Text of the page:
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This article is written by a student writer from the Her Campus at Wilfrid Laurier chapter.

Despite 2020 being one of the most confusing, frustrating and mentally draining years to date, let’s relieve some of the pressure we’ve unnoticeably put on 2021. Here are some reasons why.

There’s no certainty within 2021. We’re all heading into this year with absolutely no idea where we’ll stand in three months, six months or even in December. Despite being aware of the state of the world, there are still various aspects of the pandemic, political situations and daily routines in which we are all searching for answers. Relieving the pressure put on this year (especially in regard to COVID-19) allows us to expect less from what’s to come.

This being said, there’s no harm in hoping. I believe having low expectations and high hopes is one of the best ways to navigate through uncertainty. Hoping for the vaccine to work, to see friends again or to have something remotely close to peace within politics are all valid aspirations. However, expecting these things could potentially set you up for disappointment. When you consider this year’s New Year resolutions, having low expectations for yourself is all part of relieving pressure. Expecting perfection in an academic setting, relationships or anything in between puts a strain on your well-being. Let go of standards for yourself this year and focus on accomplishing what you find truly important.

When it comes to accomplishments, be realistic and gentle with yourself. There is no harm in striving for difficult goals, and it helps to motivate yourself, but if you are the type to get discouraged when something doesn’t go as planned, be kind with your goal setting. For example, if you typically expect a perfect GPA, perhaps this is the year to minimize that standard in your mind, relieve the stress on yourself and strive for your personal best, rather than expect specific results. Work to feel confident in every assignment submission knowing you put your best effort forward. I think it’s also important to set goals for yourself that help you in the long run, such as dedicating yourself to be active for ten minutes of each day or perhaps take up meditation this year. These are the types of goals that will allow you to get the benefits of what you try, rather than beating yourself up about not achieving perfection. In a year full of uncertainty, being gentle and realistic with your goal setting will help lead to higher attainment of them.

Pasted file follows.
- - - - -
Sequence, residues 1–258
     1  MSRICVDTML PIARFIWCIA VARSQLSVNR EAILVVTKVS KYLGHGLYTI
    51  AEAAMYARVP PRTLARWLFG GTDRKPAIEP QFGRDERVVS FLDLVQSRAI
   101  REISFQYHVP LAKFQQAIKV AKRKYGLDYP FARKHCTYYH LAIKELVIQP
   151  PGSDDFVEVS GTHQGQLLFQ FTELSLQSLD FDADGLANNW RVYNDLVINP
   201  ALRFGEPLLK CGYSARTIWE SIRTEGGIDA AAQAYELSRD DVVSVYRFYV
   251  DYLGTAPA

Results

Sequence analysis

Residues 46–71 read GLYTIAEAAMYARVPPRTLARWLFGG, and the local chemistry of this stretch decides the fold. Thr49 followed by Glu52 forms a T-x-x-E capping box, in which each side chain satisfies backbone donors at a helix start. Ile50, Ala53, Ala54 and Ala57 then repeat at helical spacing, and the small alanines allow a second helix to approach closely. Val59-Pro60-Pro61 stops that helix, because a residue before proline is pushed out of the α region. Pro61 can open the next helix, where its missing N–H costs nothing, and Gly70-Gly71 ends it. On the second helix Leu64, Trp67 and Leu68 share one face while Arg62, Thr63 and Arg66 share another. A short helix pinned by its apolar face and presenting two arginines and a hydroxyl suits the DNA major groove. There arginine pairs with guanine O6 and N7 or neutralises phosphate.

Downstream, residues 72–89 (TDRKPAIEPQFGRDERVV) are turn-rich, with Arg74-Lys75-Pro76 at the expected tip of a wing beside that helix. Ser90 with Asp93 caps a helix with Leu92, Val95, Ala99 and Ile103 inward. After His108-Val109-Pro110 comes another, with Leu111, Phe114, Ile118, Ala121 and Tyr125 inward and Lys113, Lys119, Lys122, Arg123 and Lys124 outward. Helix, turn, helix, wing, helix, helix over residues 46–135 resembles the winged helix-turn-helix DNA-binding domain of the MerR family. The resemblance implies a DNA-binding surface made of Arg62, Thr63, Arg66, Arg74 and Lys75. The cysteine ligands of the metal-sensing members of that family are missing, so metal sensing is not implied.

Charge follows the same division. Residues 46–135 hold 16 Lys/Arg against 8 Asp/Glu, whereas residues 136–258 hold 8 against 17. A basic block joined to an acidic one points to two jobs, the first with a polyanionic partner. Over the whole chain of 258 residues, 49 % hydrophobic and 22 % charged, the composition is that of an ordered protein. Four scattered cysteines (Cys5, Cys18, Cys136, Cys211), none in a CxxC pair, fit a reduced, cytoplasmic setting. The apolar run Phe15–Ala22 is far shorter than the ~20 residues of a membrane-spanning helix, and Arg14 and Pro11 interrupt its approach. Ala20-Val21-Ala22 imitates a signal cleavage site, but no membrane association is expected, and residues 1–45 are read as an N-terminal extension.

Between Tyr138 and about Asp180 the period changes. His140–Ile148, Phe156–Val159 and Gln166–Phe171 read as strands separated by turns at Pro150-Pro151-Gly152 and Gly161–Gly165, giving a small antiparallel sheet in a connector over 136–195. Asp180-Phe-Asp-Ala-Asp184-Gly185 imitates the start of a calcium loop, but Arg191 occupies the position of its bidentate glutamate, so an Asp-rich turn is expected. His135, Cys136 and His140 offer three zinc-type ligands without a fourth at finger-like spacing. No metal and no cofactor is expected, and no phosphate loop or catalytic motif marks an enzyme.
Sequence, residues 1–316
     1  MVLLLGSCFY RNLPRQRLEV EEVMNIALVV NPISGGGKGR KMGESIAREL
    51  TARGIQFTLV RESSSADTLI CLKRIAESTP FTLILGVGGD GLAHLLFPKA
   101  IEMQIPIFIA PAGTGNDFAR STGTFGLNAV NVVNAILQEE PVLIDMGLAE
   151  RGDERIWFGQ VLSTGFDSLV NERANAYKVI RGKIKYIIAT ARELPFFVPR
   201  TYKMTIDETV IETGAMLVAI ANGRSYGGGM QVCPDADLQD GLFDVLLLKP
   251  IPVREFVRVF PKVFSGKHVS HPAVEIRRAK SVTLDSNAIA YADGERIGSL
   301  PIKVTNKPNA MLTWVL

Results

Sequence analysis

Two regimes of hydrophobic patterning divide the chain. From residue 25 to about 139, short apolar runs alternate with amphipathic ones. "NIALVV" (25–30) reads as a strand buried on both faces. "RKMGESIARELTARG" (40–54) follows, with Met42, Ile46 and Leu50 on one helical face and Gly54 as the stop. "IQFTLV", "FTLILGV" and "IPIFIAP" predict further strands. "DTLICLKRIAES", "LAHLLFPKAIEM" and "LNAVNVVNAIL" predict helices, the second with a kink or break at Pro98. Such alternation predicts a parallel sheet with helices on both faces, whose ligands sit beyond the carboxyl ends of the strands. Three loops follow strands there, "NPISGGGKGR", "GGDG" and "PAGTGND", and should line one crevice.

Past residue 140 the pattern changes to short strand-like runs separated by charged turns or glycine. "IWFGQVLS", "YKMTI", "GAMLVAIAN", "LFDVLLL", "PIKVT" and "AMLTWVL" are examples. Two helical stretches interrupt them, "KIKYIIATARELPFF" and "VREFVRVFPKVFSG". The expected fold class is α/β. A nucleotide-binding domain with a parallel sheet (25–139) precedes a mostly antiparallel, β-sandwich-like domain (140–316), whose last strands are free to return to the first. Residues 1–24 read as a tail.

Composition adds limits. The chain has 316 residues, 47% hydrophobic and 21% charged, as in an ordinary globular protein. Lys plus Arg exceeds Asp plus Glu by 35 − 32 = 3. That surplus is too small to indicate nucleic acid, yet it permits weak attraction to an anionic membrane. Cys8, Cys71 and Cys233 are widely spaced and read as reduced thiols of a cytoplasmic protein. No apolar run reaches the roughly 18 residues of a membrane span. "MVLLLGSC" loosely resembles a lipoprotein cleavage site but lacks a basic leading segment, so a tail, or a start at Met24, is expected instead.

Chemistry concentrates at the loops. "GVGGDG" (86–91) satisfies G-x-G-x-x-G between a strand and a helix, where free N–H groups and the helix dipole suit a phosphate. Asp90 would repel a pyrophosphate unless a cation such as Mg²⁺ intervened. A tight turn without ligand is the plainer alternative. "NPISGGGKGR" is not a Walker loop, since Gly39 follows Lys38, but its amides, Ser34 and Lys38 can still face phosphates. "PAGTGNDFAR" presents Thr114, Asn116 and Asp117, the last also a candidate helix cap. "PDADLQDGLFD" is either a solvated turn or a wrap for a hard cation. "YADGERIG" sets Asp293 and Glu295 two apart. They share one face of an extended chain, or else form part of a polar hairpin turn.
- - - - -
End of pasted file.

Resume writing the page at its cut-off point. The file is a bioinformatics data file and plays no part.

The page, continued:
Finally, I think an important start to this year would be to accept the hardships of 2020. Acceptance of prior sadness, defeat and frustration can lead to motivation to do better and be better this year.

An advantage 2021 has over last year is the known fact of the pandemic. 2020 was thrown a curveball in March and led to many poor or unsure decisions by certain leaders. However, we now know the state of the world, and it (hopefully) can’t get much worse than in 2020. Be gentle with yourselves and diminish the pressure you’ve put on this year.



Olivia Egan

Wilfrid Laurier '23

Third year Psychology student at WLU
Chelsea Bradley

Wilfrid Laurier '21

Chelsea finished her undergrad with a double major in Biology and Psychology and a minor in Criminology. She loves dogs way too much and has an unhealthy obsession with notebooks and sushi. You can find her quoting memes and listening to throwbacks in her spare - okay basically all - her time. She joined Her Campus in the Fall of 2019 as an editor, acted as one of two senior editors for the Winter 2020 semester and worked alongside Rebecca as one of the Campus Correspondents for the 2020-2021 year!